What is a mom?

The answer to the question depends on who you ask. The answer is created in the mind and woven in the heart and is based upon perception, experience, comparisons, actions and words. When we hear the word mom some want to bow down and worship and others begin to cry for the heartache the word envokes. 

What is a mom? It could be the person who birthed you or it could be the person who paid thousands of dollars, jumped through legal hoops, answered the social study questions correctly and attended parenting classes before bringing you home. It could also be the one who agreed to take you when you were abandoned and had no place to go. 

A mom is not defined by activities such as homemade cookies, homeschooler, biggest fan, protector, supporter, chef, chauffeur, admirer, worshiper, or spoiler.

So, what is a mom? She’s you, she’s me, she’s a coworker, she’s a friend, she’s your neighbor, a teacher, a bus driver, a clerk, an addict, a CEO, a homeless person, broken, healed, she’s any female and she’s imperfect.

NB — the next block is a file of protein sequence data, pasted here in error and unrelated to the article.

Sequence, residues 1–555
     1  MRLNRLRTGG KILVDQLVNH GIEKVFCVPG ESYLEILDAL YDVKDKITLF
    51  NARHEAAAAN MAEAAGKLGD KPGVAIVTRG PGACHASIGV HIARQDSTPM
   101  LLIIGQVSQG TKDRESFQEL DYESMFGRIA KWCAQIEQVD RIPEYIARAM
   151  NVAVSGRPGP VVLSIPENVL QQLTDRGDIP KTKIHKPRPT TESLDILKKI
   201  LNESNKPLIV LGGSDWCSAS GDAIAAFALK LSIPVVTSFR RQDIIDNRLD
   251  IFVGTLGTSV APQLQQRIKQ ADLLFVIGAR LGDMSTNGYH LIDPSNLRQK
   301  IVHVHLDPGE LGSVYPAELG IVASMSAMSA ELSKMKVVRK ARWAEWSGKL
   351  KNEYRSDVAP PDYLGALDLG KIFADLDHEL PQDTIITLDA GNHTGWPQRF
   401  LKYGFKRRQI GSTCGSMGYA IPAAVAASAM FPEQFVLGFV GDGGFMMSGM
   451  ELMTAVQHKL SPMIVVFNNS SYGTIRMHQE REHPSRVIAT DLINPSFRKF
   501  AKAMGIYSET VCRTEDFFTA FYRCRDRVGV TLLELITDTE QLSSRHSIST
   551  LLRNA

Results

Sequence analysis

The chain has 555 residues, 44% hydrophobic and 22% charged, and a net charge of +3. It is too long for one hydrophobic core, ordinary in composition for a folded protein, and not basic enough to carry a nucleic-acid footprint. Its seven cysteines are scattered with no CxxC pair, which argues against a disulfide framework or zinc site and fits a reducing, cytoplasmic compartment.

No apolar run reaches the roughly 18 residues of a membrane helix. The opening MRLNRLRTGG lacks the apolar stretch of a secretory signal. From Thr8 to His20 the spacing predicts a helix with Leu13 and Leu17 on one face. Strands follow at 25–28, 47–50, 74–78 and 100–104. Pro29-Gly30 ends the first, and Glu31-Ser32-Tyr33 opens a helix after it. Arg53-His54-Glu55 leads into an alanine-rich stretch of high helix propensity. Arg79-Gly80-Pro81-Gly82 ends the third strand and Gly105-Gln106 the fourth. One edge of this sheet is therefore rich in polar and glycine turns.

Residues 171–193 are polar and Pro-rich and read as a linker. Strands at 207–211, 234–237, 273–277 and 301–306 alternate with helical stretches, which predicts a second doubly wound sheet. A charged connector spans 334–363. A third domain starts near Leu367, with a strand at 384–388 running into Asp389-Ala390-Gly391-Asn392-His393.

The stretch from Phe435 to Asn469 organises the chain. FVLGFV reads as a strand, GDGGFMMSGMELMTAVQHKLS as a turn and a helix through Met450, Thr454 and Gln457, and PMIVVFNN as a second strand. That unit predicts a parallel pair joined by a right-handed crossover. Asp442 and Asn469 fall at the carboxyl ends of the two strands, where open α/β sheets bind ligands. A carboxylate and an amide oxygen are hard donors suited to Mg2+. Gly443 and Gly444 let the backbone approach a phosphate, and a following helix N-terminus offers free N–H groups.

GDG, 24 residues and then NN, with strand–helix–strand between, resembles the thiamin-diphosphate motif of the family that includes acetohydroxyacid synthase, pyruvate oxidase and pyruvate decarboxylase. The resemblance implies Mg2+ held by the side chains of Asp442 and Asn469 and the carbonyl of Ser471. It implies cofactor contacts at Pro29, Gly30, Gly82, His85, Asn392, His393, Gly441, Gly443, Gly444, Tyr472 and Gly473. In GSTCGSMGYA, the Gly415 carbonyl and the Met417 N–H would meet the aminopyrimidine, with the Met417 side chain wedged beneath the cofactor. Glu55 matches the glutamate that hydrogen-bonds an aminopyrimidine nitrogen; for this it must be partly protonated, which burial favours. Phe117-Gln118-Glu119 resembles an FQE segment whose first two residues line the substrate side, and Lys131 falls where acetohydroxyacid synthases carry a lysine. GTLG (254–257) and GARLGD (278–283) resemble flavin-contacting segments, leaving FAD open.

She shaped you and molded you in action or lack thereof. She’s a person not a goddess. She’s real not imagined. She has hurts and challenges. She has triumphs and victories. 

Well, what is a mom? She the person you choose to honor one day a year. 

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Lost and Found

There is nothing like digging through other peoples’ property. In case you had not noticed we all have our own distinct smell. Image a small space cramped full of coats, shoes, socks, shirts, shorts, lunch bags, and even some underwear. Yes, you read that right…underwear. Ugh!!! The smells emanating from all of that stuff makes my stomach turn. Yet, at least once a month I find myself in this room looking for a jacket, lunchbox or book. It’s not my stuff. Nope. It belongs to my third born. The one I lovingly refer to as Little Dude. 

He’s absent minded or completely distracted. Last year he lost three jackets, two lunch boxes and a couple of books. I recently learned he lost about $40-50 on a field trip. He took the money just in case he wanted to buy something nice. We were at a fast food restaurant not long ago and he left his wallet near the condiments. I walked up behind him and picked it up. 

What do I do? I get frustrated. I talk to him about being responsible. I try to get him to develop a routine. It hasn’t worked yet. Do kids grow out of losing stuff? In the mean time I continue to enter the lost and found to dig through all that stuff to locate his missing items. He has a jacket missing right now. Off to the little cramped room we go to search through the piles of odorous things in search of Little Dude’s jacket. 

March 5, 2014

It had been a regular day. I woke up early. Prepared breakfast for the kids. I got everybody off to school and I put in my time at work. I don’t remember anything exciting occurring. Like I said, it had been a regular day.